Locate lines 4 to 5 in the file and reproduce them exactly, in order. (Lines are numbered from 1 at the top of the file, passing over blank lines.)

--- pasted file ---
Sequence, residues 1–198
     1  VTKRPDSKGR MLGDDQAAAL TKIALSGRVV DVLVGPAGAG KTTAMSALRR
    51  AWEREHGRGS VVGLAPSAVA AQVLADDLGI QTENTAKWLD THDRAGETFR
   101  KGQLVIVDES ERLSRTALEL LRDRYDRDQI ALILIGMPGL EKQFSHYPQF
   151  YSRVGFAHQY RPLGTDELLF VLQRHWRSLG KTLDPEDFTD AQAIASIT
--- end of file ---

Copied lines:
   101  KGQLVIVDES ERLSRTALEL LRDRYDRDQI ALILIGMPGL EKQFSHYPQF
   151  YSRVGFAHQY RPLGTDELLF VLQRHWRSLG KTLDPEDFTD AQAIASIT